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I would like to define a variable to be a datetime object representing the number of days that is entered by the user. For example.

numDays = #input from user
deltaDatetime = #this is what I'm trying to figure out how to do
str(datetime.datetime.now() + deltaDatetime)

This code would print out a datetime representing 3 days from today if the user entered 3 as their input. Any idea how to do this? I'm completely lost as to an effective approach to this problem.

EDIT: Because of how my system is set up, the variable storing the "deltaDatetime" value must be a datetime value. As I said in the comments, something like 3 days becomes Year 0, January 3rd.

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Are you looking for this? docs.python.org/2/library/datetime.html#timedelta-objects –  Jason Sperske Jul 17 '13 at 19:47
hum, do you mean just the last day, or all the days in that range? –  Samuele Mattiuzzo Jul 17 '13 at 19:48
Note that "a date object representing a set number of days" is not a date, it's a duration or similar. –  Lasse V. Karlsen Jul 17 '13 at 19:53
@LasseV.Karlsen Year 0, January 3rd would be a date representing 3 days –  avorum Jul 17 '13 at 19:59
@avorum not really... Year 0, January 3rd is a date that happens to result from adding the duration 3 days to an arbitrary reference date of Year 0, January 0 (whatever that is - maybe midnight before Jan 1). Depending on the exact implementation of the classes, they might happen to have the same numeric value, but they are not the same type... –  twalberg Jul 17 '13 at 21:29

4 Answers 4

up vote 2 down vote accepted
>>> num_days = 3
>>> current_date = datetime.datetime.now()
>>> current_date
datetime.datetime(2013, 7, 17, 12, 44, 57, 557000)
>>> future_date = current_date.replace(day=current_date.day + num_days)
>>> future_date
datetime.datetime(2013, 7, 20, 12, 44, 57, 557000)
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this replace function does exactly what I need, thanks! –  avorum Jul 17 '13 at 20:15
@avorum, not if you do it at the end of the month. –  Mark Ransom Jul 17 '13 at 20:38
this function works fine for what I need it to do –  avorum Jul 17 '13 at 20:43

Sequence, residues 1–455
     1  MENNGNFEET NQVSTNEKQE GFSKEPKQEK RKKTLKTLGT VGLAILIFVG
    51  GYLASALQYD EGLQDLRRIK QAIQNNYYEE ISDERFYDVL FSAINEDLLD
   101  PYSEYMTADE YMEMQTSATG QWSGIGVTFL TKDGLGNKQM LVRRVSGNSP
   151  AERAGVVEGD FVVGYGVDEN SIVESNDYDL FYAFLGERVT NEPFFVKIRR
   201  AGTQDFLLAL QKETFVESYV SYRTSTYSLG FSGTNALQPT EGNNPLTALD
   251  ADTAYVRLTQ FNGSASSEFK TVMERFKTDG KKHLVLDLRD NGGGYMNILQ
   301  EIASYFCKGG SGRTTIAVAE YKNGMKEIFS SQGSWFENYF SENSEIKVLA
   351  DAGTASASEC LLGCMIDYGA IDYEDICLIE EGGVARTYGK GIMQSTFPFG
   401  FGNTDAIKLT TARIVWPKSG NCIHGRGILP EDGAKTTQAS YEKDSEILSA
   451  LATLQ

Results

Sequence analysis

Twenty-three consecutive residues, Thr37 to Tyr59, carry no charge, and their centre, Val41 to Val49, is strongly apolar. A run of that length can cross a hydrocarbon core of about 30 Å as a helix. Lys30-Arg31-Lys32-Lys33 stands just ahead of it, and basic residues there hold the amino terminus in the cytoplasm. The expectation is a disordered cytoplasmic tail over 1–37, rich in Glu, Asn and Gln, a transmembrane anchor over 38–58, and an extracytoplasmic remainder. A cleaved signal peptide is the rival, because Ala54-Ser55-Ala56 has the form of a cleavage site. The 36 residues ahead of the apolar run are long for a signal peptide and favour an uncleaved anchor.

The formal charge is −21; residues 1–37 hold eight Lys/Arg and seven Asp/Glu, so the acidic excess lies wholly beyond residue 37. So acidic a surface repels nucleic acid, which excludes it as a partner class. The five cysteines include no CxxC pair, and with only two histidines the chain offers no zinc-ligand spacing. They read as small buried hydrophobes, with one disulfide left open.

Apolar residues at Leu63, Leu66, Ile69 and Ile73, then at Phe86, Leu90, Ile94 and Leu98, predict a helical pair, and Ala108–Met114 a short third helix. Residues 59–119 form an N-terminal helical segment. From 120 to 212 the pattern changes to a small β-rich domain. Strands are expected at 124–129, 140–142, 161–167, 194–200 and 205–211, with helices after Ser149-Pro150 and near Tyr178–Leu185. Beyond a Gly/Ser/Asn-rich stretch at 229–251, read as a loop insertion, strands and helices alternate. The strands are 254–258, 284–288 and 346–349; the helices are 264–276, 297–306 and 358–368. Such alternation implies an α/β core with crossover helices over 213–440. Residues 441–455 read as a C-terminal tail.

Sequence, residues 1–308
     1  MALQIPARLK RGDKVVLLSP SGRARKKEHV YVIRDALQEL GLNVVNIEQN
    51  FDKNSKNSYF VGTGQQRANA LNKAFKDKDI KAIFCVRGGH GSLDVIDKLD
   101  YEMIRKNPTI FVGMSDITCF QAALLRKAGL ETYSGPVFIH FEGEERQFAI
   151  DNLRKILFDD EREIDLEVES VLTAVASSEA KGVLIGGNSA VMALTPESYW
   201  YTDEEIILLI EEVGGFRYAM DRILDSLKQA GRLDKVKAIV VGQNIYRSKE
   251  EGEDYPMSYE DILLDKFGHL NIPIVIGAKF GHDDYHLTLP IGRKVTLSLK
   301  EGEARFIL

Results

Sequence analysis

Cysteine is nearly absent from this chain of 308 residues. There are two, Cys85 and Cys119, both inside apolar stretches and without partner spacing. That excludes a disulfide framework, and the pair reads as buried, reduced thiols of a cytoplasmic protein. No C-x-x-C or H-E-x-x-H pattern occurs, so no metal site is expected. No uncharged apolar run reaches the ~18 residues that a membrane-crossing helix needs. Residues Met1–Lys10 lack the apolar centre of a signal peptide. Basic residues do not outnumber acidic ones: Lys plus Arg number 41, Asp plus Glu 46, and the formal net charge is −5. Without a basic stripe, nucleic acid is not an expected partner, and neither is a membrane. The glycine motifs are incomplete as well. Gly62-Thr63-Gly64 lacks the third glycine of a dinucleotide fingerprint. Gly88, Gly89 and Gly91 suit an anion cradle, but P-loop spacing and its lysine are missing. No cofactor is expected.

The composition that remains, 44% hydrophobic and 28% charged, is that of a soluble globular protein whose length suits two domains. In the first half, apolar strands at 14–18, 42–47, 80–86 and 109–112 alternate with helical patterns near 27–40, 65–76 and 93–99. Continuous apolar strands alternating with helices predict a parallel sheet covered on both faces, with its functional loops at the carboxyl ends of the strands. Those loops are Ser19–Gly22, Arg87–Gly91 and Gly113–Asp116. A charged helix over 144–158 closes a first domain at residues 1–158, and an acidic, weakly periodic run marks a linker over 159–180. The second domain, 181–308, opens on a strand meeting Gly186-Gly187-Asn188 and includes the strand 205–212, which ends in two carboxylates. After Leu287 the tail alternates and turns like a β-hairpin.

I was typing this answer at the same time everyone else was posting their timedelta solutions - I thought about deleting this one after I saw the others, but wasn't sure of the etiquette around that. I definitely encourage you to use the other answers instead (I'm surprised this was the accepted one -- sorry!). –  Max Fellows Jul 18 '13 at 19:58

It's fairly straightforward using timedelta from the standard datetime library:

import datetime
numDays = 5   # heh, removed the 'var' in front of this (braincramp)
print datetime.datetime.now() + datetime.timedelta(days=numDays)
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Is var numDays = 5 pythonic? ;) –  alecxe Jul 17 '13 at 19:56
someone's been writing a lot of javascript today :) –  Pawel Miech Jul 17 '13 at 19:57
Yeah, I've been writing across like 5 different languages for the last few weeks, sometimes I forgot what goes with what language. –  avorum Jul 17 '13 at 20:03
sorry, yeah, braincramp as I'm actually home sick from work ;) –  zzzirk Jul 17 '13 at 20:03
deltaDateTime = datetime.timedelta(days=3)
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In my idle, python 2.7, this returns: datetime.timedelta(3), or '3 days, 0:00:00' if represented as string. –  Pawel Miech Jul 17 '13 at 19:52
@Pawelmhm, but what happens when you add it to a datetime object? That's when it becomes useful. –  Mark Ransom Jul 17 '13 at 20:11
ah, that's right, I know where you're coming from. –  Pawel Miech Jul 17 '13 at 20:26

Use timedelta:

from datetime import datetime, timedelta

days = int(raw_input())
print datetime.now() + timedelta(days=days)
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In Python 2.7 returns: "AttributeError: 'module' object has no attribute 'now'" –  Pawel Miech Jul 17 '13 at 19:55
please run the code as provided. Make sure you use from datetime import datetime, timedelta import statement. –  alecxe Jul 17 '13 at 19:57
You're right, my fault, sorry! –  Pawel Miech Jul 17 '13 at 19:57

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